I started to research and found a lot of behaviours that fit with a diagnosis of ASD that I had no idea were part of the disorder. (I’ve broken this out to a separate post as it gets rather long!)

For the last two years we have struggled through the system. Youngest has an Individual Education Plan (IEP), a diagnosis of ASD that would be Aspergers if they hadn’t taken it out of the book, a report from the Education Psychologist and help from various voluntary organisations. Middlest has been to a similar alphabet soup of organisations, CAMHS and PMH from the NHS and other voluntary organisations. He too is under the ALN (Additional Learning Needs) stream at school. Eldest is not formally being investigated at the moment. In an ideal world with lots of resources he could maybe get an Aspergers diagnosis, but really he is just extremely geeky!

Our current project with the Youngest and the Middlest is to take all the information and turn it into an action plan for the schools to make the children’s experience better. This whole process is unbelievably long. Our children are scoring very highly on all the academic markers and none of their behaviours are directly harming, so they are a low priority for a very stressed and under resourced system. Both the NHS and education system, through no fault of their own, don’t really have enough money to cope

So, that’s where we are at now.

All Cadw in 17

I’ve been tweeting about this since the beginning of the year but I felt a longer explanation was due.

To set the scene, it was in that dead time between Christmas and the New Year. The Boys had been to Stonehenge, celebrated Chanukkah, had a family party, all the end of term madness and of course Christmas day itself. So the weather wasn’t too bad and we were all feeling a bit flat, when Middlest suggested we go to visit a Cadw site. I’d been wondering what we could do in 2017 and something clicked in my head. I answered, “How about we visit all the Cadw sites?”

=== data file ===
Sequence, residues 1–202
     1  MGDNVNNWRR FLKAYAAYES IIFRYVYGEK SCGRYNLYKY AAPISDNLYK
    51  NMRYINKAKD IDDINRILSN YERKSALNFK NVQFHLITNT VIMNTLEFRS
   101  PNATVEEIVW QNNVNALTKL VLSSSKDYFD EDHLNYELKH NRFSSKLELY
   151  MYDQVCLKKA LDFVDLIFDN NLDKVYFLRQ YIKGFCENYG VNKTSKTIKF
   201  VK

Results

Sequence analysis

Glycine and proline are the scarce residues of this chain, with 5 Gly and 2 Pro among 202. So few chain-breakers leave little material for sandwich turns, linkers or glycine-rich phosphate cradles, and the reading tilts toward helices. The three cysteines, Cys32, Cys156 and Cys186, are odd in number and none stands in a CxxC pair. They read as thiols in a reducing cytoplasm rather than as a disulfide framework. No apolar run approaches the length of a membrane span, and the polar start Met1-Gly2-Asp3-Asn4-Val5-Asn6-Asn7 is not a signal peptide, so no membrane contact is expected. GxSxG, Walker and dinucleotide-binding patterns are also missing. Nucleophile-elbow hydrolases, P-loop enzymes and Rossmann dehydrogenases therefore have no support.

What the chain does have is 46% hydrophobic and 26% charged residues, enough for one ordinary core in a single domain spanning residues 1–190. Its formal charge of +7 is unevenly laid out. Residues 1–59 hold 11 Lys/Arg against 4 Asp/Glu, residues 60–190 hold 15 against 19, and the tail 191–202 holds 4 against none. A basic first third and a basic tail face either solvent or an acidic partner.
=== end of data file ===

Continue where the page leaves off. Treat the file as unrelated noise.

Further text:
img_20170205_142058A brief note to explain to those non-Welsh readers. Cadw is in effect Welsh Heritage, the sister organisation to English Heritage. You pay a yearly fee as a member, then get to visit all the sites for free. (And after the first year it extends to English Heritage, and the others. If you’ve seen the price of one family admission to Stonehenge, it starts to make sense.)

So, I did a bit of Googling, found a Wikipedia article listing all the sites, copied the list and tidied it up into a spreadsheet. Now there are over 120 sites. Doesn’t sound too bad except that they are scattered all over the country. If (and I’m not sure we will) we are to complete this challenge, then we’ll have to go on several impromptu camping trips during school holidays.


So far I’ve added one site (Caerleon Amphitheatre) and updated details on others.. We’ve found 6,000 year old tombs and Tudor manor houses. We’ve gone from huge, well staffed castles to remote squares of grass in the middle of the countryside. Some have been, shall we say, hard to find!

Anyway, we’ll be primarily tweeting and posting to Instagram with the hashtag #allCadwin17 or occasionally #pobCadwyn17